11 Experiments That Failed

11 Experiments That Failed

Book - 2011
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A hyper-curious young girl tries a series of wacky experiments, such as seeing if a piece of bologna will fly like a frisbee and determining whether seedlings will grow if watered with expensive perfume, and then must suffer the consequences of experiments gone awry.
Publisher: New York : Schwartz & Wade Books, c2011
Edition: 1st ed
ISBN: 9780375847622
0375847626
9780375957628
0375957626
Branch Call Number: jE OFFILL 2011
Characteristics: 1 v. (unpaged) : col. ill. ; 25 x 29 cm
Additional Contributors: Carpenter, Nancy - Illustrator
Alternative Title: Eleven experiments that failed

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CRRL_CraigGraziano Jun 25, 2015

Obviously this book is benefited by a "DON'T TRY THIS AT HOME" disclaimer, but such content also provides a wonderful opportunity. 11 Experiments That Failed would be a great book to use as a launching point for your own discussion with your child

Read more at: http://www.librarypoint.org/11_experiments_offill

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mmcbeth29
May 21, 2015

SUMMARY: A young girl sets out to prove 11 experiments that unfortunately fail and some that have some pretty bad consequences. One such experiment is "Do dogs like to be covered in glitter?"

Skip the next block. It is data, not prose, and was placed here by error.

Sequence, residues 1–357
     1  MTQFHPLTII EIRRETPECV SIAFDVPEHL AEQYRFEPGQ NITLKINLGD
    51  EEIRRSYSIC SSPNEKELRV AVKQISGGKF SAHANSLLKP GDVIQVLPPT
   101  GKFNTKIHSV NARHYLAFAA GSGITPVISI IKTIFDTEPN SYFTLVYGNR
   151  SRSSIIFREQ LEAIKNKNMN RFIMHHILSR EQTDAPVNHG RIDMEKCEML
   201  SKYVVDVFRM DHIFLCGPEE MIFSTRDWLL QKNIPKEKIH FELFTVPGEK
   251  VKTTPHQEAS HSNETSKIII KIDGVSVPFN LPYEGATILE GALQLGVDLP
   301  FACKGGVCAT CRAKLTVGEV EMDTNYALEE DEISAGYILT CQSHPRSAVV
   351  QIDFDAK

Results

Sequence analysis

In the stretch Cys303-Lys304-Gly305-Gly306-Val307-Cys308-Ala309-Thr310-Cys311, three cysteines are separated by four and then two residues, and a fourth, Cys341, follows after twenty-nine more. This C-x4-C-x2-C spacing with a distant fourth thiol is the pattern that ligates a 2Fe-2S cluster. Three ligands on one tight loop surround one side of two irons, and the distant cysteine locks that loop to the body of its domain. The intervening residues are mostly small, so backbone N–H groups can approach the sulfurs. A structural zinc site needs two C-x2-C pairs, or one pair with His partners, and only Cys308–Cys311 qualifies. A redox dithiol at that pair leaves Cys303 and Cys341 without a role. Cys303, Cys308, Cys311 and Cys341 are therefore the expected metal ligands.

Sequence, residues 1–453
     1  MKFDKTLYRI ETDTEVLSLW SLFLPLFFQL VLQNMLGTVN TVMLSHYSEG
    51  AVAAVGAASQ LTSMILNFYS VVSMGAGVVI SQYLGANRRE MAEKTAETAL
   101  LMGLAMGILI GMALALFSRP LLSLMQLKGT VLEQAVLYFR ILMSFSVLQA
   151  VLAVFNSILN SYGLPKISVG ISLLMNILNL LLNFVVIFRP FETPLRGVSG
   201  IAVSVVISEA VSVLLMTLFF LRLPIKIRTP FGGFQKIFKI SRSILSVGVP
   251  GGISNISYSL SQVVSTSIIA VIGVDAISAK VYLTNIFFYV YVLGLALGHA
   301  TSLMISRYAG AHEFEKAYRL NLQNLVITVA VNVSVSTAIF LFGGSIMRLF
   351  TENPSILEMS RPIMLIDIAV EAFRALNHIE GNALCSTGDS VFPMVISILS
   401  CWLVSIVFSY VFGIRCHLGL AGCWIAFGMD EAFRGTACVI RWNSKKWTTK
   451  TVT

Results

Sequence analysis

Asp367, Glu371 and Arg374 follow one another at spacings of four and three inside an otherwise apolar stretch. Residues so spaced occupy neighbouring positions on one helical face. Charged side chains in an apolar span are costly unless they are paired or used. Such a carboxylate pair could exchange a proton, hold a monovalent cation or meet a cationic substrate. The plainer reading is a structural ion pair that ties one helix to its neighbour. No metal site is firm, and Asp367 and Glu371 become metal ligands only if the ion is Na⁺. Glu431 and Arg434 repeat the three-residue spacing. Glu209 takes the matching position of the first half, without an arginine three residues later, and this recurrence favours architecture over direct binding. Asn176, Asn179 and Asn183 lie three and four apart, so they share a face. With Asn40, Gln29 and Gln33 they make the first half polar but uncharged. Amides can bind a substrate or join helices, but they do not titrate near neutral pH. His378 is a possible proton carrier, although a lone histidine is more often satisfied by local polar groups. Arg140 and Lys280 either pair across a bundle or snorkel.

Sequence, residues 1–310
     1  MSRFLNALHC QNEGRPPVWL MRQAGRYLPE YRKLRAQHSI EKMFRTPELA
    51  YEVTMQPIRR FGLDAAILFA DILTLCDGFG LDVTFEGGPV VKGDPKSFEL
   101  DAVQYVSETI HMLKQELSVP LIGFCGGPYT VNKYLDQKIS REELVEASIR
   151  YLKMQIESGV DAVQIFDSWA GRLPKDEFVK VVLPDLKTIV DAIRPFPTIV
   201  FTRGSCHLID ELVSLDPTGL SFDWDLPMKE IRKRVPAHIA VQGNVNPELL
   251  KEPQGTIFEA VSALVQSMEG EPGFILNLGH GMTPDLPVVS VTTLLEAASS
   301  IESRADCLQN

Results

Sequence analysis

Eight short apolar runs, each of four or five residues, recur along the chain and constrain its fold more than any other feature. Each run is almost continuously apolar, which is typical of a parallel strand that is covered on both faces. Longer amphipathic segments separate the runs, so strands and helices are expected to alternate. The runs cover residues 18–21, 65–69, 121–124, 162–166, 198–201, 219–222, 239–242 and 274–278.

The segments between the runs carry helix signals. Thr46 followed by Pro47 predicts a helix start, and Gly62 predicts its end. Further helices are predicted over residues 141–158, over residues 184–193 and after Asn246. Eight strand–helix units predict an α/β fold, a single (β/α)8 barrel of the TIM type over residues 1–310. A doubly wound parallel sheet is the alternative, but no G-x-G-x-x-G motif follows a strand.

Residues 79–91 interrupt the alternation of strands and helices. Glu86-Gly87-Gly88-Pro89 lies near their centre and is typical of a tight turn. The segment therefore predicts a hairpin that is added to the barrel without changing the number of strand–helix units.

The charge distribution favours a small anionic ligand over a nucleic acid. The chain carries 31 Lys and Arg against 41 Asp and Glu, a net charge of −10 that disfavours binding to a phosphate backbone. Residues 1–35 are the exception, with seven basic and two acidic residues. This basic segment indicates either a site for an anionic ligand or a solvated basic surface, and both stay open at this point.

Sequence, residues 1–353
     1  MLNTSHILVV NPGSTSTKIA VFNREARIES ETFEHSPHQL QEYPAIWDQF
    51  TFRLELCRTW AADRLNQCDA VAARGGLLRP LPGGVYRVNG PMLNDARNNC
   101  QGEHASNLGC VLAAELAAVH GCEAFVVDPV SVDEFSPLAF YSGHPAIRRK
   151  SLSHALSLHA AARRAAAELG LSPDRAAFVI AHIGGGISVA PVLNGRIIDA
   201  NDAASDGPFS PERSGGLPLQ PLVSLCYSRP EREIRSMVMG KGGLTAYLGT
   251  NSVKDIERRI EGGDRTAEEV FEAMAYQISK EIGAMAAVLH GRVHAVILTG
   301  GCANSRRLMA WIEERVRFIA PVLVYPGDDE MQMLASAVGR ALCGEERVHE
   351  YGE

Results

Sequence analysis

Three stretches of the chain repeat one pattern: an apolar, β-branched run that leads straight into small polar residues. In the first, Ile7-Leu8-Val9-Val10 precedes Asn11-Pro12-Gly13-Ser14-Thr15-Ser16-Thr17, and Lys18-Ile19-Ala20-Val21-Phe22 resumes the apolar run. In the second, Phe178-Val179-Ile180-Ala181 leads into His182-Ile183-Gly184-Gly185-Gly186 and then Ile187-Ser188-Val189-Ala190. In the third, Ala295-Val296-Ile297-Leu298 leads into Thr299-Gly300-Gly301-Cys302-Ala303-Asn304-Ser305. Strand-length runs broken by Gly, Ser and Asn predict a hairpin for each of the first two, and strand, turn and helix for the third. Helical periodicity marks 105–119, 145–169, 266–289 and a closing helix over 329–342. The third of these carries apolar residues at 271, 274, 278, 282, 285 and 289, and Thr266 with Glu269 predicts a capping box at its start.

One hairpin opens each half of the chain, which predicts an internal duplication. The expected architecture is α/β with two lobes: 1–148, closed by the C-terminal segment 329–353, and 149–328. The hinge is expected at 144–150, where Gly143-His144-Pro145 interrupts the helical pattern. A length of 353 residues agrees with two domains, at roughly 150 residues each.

ILLUSTRATIONS: The illustrations were created with a mix of pen and ink and digital work. There are real items inserted among the drawings giving them a more 3D look. The pictures are quite nice, full of interesting details for older readers and fun.

THE GOOD: This book starts out really well with a funny experiment of whether a person can live off snow and ketchup. It doesn't take long before the girl has both a sick stomach and brain freeze. Several more enjoyable experiments follow.
THE NOT AS GOOD: The experiments then become not so funny. She throws Bologna that hits a teacher, she steals her mother's perfume, she offends her mother's guests (making them leave the house), She breaks a basket full of dishes, and then she floods the house after trying to flush a bottle down the toilet. This girl looks to be about 8 or 9 years old. Old enough to know better. When my children were between the ages of 4-6, they engaged in this kind of scientific "inquiry" that lead to consequences. But by the time they were in first grade, they knew not to put dishes in washing machine. This author started out well, but couldn't seem to help herself from throwing in what I would consider to be simply bad behavior. Where are the consequences for what the girl does? Whether it is in the name of science or not, the child should not have free reign to do whatever she pleases without facing the consequences of her actions (I would consider this part of the scientific method as well since scientists face consequences for their mistakes).

AGE RECOMMENDATION: Best age group for this story would be 2nd and 3rd grade

DaytonMuse May 07, 2013

My four-year-old enjoys having this one read to her. She thinks the experiments and their outcomes are funny. I like the opportunity to talk to her about what an experiment is, maybe how the girl could change her experiment to better find the answers to her questions. I also like that they include terms like "hypothesis" and "what you need." It shows that you have to plan an experiment, it doesn't just happen.

YogiMumma Jul 30, 2012

Definitely good for a chuckle for everyone!

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antoinehobbs
Jun 14, 2015

A girl has some hypothesis to prove. DON'T TRY THESE AT HOME!

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